Most significantly, under art 31(2), refugees and asylum seekers should not be detained for the purposes of deterrence. However, as noted by Australian Lawyers for Human Rights:
The deterrent character of the measure is clear. The Explanatory Memorandum states that the bill ‘is designed to operate as a disincentive to people who arrived on the mainland unauthorised by boat to defeat the existing excision provisions.’ This shows that denial of access to onshore processing procedures is specifically intended to deter flight. The unavoidable conclusion is that the measure is punitive.
The Minister for Immigration in a media interview following the announcement of the Bill stated, ‘Well, we’ll be looking to place them in other countries. It’ll be as effective as the Pacific Solution has been in the past. Namely, it’ll be a deterrent to people using Australia as a staging post.’
Any detention used as part of the offshore processing regime is quite clearly intended to ‘deter’ people from reaching the Australian mainland and using Australia as a ‘staging post’. Detention in this context therefore constitutes a penalty in contravention of art 31(1).
The proposed legislation would also violate Australia’s obligations under the Convention on the Rights of the Child (CROC). While it is beyond the scope of this article to give a broader critique of Australia’s obligations under the CROC with regards to the Bill, the Senate Inquiry submission by the Human Rights and Equal Opportunity Commission does go into some detail on this issue and concluded that the Bill would breach Australian’s obligations under the CROC. Any measures to detain children, in breach of Australia’s obligations under the CROC, are outside the detention permitted under art 31(2) and hence also constitute a penalty.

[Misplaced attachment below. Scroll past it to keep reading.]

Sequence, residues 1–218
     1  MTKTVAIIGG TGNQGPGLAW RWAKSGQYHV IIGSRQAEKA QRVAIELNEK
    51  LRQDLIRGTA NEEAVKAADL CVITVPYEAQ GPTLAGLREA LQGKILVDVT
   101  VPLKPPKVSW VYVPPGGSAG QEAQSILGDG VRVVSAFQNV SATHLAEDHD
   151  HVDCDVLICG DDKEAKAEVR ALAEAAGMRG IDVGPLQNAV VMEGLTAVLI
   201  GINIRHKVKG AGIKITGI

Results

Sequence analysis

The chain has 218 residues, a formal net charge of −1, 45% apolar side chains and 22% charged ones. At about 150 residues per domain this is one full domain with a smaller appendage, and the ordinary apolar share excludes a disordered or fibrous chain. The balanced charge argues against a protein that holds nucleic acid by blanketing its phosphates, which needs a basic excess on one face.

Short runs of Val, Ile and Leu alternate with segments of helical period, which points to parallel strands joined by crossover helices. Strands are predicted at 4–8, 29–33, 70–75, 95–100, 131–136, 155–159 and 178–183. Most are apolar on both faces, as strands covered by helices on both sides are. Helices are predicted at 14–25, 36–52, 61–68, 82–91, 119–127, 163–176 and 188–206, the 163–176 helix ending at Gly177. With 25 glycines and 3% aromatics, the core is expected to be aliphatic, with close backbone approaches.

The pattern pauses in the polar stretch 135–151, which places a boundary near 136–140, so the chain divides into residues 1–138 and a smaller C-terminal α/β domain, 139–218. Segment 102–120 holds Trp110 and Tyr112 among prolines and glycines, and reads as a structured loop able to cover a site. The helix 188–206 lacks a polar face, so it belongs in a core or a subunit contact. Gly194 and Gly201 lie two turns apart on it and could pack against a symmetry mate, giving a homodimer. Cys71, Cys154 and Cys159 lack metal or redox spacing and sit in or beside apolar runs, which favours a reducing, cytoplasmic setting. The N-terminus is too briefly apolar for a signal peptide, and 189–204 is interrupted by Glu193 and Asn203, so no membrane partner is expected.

Pursuant to the Bill, people processed offshore will not have access to merits review by an independent decision-maker, unlike onshore applicants who may appeal to the RRT. Nor will they have access to independent legal advice, or judicial review of administrative decisions. For this reason writers such as Mary Crock and Dr Jane McAdam have described the offshore RSD process as ‘markedly inferior’.
The need for a robust RSD system is crucial if states are to meet their non-refoulement obligation. When talking of the ‘RSD obligation’, Mark Pallis states, ‘[s]imply put, the rule prohibits the return of “refugees” and the only way to determine who is a refugee is to conduct status determination, thus RSD becomes a necessary condition in meeting the obligation’. Past experience, as highlighted below, clearly shows that the RSD on Nauru is inadequate and has put Australia at risk of breaching its non-refoulement obligation.
One writer who has examined the denial of procedural rights in the context of refugee status determination is Hathaway. When critiquing the United Kingdom proposal in 2003 to subject all refugees arriving without travel documents to an abbreviated offshore procedure, he concluded:
The case is strong that the assignment of refugees who arrive without proper documentation to abbreviated procedures is in essence a penalty inflicted for irregular entry. When a summary procedure is resorted to not on the grounds of the substantive insufficiency of a claim, but rather to sanction a refugee for his or her mode of entry, such procedures take on a decidedly punitive character. Because the essential purpose of art 31 is to insulate refugees from penalties for the act of crossing a border without authorization, a refugee may not lawfully be denied access to ordinary legal entitlements to a complete refugee status inquiry simply because he or she has used false documents to enter the country, or otherwise contravened migration control.
In its submission to the Senate Inquiry, DIMA argues that the proposed offshore refugee assessment process is consistent with its international obligations, noting that the proposed system is modelled closely on that used by the UNHCR. With respect to review of a negative decision, DIMA states that: